Foreign funds may exit Indian bond market if index inclusion is delayed

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Foreign funds will continue to reduce their holdings of Indian government debt after JP Morgan delayed the inclusion of the country’s bonds in its global index, prompting a further rise in yields, analysts said.

“Since mid-September, we have seen capital outflows due to expectations that index inclusion may not materialize in 2022,” said Nagaraj Kulkarni, co-head of rates strategy for Asia, excluding China at Standard Chartered Bank. “There is still room for further bond outflows.”

Earlier this week, JP Morgan said India remained on the radar for inclusion in its influential Emerging Markets Local Currency Debt Index after a review, dashing hopes that Asia’s third-largest economy would be added this year.

Some investors cited obstacles to investing, “including a lengthy investor registration process and the operational readiness required for trading, settlement and custody of assets onshore,” JP Morgan said in its statement.

Indian government bonds suffered a selloff, with the benchmark yield rising nine basis points on Thursday following the move. It last traded at 7.46%.

Foreign investors and banks had turned buyers of Indian bonds in July-September, solely on bets that India could be included in global indices, with some overseas brokerages expecting an announcement after a review this month .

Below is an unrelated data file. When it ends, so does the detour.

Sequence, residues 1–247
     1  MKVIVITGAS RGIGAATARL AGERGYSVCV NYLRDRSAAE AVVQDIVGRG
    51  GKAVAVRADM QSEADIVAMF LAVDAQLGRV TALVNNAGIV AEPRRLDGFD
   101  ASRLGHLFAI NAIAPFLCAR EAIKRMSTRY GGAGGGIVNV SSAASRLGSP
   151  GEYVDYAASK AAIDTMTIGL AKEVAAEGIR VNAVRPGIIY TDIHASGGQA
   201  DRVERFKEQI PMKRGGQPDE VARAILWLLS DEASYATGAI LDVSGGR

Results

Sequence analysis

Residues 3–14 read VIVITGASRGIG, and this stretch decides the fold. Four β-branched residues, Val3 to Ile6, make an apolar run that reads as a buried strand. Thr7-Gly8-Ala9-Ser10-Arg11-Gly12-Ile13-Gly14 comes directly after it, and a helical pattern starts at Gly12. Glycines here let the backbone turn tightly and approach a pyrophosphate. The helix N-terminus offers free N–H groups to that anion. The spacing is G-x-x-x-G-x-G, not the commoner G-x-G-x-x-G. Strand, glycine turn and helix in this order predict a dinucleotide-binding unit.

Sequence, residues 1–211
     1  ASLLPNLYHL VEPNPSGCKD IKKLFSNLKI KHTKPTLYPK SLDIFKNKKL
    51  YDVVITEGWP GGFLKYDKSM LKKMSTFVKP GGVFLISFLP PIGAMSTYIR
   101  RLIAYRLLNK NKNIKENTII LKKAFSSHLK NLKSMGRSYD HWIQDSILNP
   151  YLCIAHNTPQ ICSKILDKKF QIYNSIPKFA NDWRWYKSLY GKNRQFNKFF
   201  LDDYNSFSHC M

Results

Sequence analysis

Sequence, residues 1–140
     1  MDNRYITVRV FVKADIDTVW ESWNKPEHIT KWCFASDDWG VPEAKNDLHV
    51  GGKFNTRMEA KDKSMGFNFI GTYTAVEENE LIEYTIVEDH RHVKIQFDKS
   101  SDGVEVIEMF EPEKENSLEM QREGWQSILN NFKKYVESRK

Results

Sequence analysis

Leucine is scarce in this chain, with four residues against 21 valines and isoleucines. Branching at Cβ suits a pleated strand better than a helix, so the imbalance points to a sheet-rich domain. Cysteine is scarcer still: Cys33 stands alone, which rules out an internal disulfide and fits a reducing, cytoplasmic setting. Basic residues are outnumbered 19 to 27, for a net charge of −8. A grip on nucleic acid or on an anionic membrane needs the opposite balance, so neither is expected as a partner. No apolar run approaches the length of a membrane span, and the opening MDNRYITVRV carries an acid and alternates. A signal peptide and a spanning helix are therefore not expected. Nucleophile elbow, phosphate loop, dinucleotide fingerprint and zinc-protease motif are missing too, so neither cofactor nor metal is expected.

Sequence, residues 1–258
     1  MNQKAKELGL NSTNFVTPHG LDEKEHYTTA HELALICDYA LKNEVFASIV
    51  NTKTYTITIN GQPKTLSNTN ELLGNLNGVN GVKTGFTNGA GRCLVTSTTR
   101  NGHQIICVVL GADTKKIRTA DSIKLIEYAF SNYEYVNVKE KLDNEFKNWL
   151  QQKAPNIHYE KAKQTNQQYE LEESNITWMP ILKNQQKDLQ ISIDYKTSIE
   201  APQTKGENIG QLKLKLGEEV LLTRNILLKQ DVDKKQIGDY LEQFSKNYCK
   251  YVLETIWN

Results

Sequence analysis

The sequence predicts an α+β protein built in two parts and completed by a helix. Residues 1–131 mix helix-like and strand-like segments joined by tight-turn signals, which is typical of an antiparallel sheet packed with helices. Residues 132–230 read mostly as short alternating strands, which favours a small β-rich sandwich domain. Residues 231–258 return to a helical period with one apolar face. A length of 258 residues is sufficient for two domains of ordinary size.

Foreign investors had made a net purchase of 100 billion Indian rupees ($1.21 billion) of bonds under the fully accessible route, or FAR, in July-September.

Bonds under FAR have no investment limit.

Along with a delay in index inclusion, rising US yields as well as rising oil prices will also hurt investors’ appetite for local debt, some economists said.

“There is more risk than one on bonds. First of all, the hawkish Fed and therefore high US yields are likely to drive up domestic bond yields,” said Swati Arora, senior economist at HDFC Bank. .

Additionally, Arora highlighted the chances of RBI raising the repo rate to 6.50% by March from 5.90%. FOCUS ON PROCUREMENT

With index inclusion bets collapsing in the near term, market participants will now focus on the large supply of bonds expected for the remainder of this fiscal year.

“Supply pressure is likely to put upward pressure on bond yields,” echoed Standard Chartered Bank’s Kulkarni.

The benchmark bond yield will trade in the range of 7.50% to 7.75% during this quarter, he added.

India’s federal government aims to borrow Rs 5.92 trillion gross through bonds in October-March, while the states plan to raise Rs 2.53 trillion in the December quarter. Government borrowing could increase further in the last quarter of the financial year.

“Heavier government debt supply and a marginal shift in composition to longer segments could weigh on 10-year maturities and beyond,” said Ashish Agrawal, head of macro FX and EM strategy research, Asia. , at Barclays.

“Demand is likely to remain defensive as investors factor in higher funding rates and residual crunch risks,” Agrawal added.

Meanwhile, a mismatch between supply and demand, as well as tighter liquidity conditions will weigh on bonds, HDFC Bank’s Arora said.

This story was published from a news feed with no text edits.

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